The results have been collated by the university to allow managers to address the statistical results of their own departments, for areas of continual improvement.

"Some things just can't be fixed due to our small scale, but in some areas our small scale helps us," Mr Dodds said.

Indoor and Outdoor Council staff get together for their Christmas Party at the Tenterfield Showground last year. Staff surveys reveal a greater sense of cohesiveness in the workforce.

Indoor and Outdoor Council staff get together for their Christmas Party at the Tenterfield Showground last year. Staff surveys reveal a greater sense of cohesiveness in the workforce.

The primary concerns revealed in the starting surveys were communication and inclusiveness (or lack thereof). This has been largely addressed through debrief meetings at each of the depots, the library, and council chambers following each monthly council meeting.

"So everybody knows what happened at the council meetings, and what's expected," Mr Dodds said.

Two major initiatives to come out of the exercise are that every staff member -- whether they work in the field or in management -- knows what was discussed at the meeting, and that everyone has collaborative input through the Monthly Operational Report which shows the status of every council section and how each section is progressing.

The Monthly Operational Report is a public document which councillors also use to identify areas of concern, ask questions, or make suggestions.

Given the spectacular results achieved through TSC's first involvement with The Voice Project, Mr Dodds said there will probably be an interval to cement in new habits before reassessing progress in another two years.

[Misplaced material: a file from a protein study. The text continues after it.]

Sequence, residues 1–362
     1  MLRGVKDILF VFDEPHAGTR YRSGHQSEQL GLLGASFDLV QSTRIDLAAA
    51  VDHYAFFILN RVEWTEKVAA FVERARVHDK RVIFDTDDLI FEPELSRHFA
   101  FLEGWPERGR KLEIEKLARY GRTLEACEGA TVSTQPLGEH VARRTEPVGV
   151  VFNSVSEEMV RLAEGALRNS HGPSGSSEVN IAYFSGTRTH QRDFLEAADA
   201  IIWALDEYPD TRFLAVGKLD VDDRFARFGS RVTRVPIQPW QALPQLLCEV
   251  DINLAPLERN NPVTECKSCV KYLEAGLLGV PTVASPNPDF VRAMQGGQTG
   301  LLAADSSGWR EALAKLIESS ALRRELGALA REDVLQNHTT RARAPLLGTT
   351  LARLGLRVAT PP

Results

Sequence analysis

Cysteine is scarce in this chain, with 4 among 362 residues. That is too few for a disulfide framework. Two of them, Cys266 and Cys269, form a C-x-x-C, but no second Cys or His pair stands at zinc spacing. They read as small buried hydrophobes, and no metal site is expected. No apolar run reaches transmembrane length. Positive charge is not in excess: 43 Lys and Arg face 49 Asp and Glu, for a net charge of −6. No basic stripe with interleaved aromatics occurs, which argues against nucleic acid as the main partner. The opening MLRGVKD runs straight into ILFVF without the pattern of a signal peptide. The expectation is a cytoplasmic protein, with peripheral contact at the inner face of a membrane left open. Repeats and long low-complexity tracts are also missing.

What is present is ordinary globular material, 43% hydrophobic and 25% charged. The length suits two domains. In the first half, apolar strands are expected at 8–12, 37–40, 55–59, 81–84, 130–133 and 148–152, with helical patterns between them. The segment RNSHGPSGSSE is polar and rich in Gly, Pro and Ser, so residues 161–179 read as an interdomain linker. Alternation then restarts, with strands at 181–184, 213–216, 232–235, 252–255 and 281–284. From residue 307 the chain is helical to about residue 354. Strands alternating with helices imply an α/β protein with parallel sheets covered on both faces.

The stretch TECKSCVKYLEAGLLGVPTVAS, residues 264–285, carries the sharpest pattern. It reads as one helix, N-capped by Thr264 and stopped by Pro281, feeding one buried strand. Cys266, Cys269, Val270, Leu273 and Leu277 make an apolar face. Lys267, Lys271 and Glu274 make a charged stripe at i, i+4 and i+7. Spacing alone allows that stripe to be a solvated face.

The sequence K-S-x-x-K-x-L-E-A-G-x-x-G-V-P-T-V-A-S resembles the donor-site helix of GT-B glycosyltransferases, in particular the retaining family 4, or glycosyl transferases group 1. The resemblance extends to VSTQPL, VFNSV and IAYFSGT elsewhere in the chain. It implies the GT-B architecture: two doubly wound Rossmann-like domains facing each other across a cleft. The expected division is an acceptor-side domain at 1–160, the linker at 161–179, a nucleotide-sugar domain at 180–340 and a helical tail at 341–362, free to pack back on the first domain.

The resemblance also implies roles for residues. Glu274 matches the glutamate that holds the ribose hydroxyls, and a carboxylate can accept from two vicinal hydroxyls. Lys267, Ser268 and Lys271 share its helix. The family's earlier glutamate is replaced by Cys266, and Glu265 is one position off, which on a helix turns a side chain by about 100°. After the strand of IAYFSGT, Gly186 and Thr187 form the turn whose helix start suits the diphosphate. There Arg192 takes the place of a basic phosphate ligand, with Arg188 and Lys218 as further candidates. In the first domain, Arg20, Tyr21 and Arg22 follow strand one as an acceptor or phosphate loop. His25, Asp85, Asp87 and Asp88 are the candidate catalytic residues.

In any large group there's always room for improvement. That's human nature. So we won't be resting on our laurels whatsoever.

TSC chief executive Terry Dodds

"In any large group there's always room for improvement. That's human nature. So we won't be resting on our laurels whatsoever."

Two out of three staff members reported major gains in the area of internal communication, indicating that council is on the right path but still has a way to go, Mr Dodds said.

"Overall such a big improvement is making it easier to manage the organisation. We're trying hard to constantly improve how we work together, which makes a better outcome for the community."

While he conceded it's not possible to always please everyone, Mr Dodds said that feedback from staff showed they are happier with how their work's going, that they feel more connected and that the organisation is better aligned with its goals.

Outgoing state representative Thomas George has already sent a letter of congratulations.

"This is certainly recognition for the continued loyalty from the team," Mr George said.

There will be an award presentation in Sydney next month at a date yet to be advised, although with bushfire cleanups, water worries and other responsibilities Mr Dodds said it would be nice to be able to accept the award in person but depends on how the business is at the time.